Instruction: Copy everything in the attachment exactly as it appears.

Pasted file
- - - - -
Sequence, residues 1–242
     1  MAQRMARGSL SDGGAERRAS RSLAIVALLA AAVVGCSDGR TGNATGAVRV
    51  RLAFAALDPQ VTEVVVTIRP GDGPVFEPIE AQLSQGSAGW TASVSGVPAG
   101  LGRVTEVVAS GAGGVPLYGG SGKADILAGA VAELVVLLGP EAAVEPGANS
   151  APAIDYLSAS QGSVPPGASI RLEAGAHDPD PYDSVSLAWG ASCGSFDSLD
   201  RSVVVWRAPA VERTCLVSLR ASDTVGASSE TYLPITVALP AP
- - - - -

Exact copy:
Sequence, residues 1–242
     1  MAQRMARGSL SDGGAERRAS RSLAIVALLA AAVVGCSDGR TGNATGAVRV
    51  RLAFAALDPQ VTEVVVTIRP GDGPVFEPIE AQLSQGSAGW TASVSGVPAG
   101  LGRVTEVVAS GAGGVPLYGG SGKADILAGA VAELVVLLGP EAAVEPGANS
   151  APAIDYLSAS QGSVPPGASI RLEAGAHDPD PYDSVSLAWG ASCGSFDSLD
   201  RSVVVWRAPA VERTCLVSLR ASDTVGASSE TYLPITVALP AP